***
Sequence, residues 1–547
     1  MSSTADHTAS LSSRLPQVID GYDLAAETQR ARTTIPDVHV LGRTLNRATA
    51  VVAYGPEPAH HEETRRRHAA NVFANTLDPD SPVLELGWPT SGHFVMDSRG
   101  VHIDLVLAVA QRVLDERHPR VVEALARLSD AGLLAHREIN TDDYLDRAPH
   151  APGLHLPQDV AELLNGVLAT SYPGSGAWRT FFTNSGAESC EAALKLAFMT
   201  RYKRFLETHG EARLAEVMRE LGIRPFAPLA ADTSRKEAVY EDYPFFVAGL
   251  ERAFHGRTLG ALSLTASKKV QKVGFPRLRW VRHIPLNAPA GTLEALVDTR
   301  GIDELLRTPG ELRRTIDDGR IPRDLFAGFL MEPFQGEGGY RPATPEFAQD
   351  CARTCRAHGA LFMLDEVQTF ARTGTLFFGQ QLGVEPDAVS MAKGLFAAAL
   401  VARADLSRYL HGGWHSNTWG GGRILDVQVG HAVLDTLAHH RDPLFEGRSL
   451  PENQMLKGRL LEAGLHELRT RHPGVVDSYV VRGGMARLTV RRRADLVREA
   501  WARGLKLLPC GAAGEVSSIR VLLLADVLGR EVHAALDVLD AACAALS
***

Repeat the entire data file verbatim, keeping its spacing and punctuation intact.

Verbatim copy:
Sequence, residues 1–547
     1  MSSTADHTAS LSSRLPQVID GYDLAAETQR ARTTIPDVHV LGRTLNRATA
    51  VVAYGPEPAH HEETRRRHAA NVFANTLDPD SPVLELGWPT SGHFVMDSRG
   101  VHIDLVLAVA QRVLDERHPR VVEALARLSD AGLLAHREIN TDDYLDRAPH
   151  APGLHLPQDV AELLNGVLAT SYPGSGAWRT FFTNSGAESC EAALKLAFMT
   201  RYKRFLETHG EARLAEVMRE LGIRPFAPLA ADTSRKEAVY EDYPFFVAGL
   251  ERAFHGRTLG ALSLTASKKV QKVGFPRLRW VRHIPLNAPA GTLEALVDTR
   301  GIDELLRTPG ELRRTIDDGR IPRDLFAGFL MEPFQGEGGY RPATPEFAQD
   351  CARTCRAHGA LFMLDEVQTF ARTGTLFFGQ QLGVEPDAVS MAKGLFAAAL
   401  VARADLSRYL HGGWHSNTWG GGRILDVQVG HAVLDTLAHH RDPLFEGRSL
   451  PENQMLKGRL LEAGLHELRT RHPGVVDSYV VRGGMARLTV RRRADLVREA
   501  WARGLKLLPC GAAGEVSSIR VLLLADVLGR EVHAALDVLD AACAALS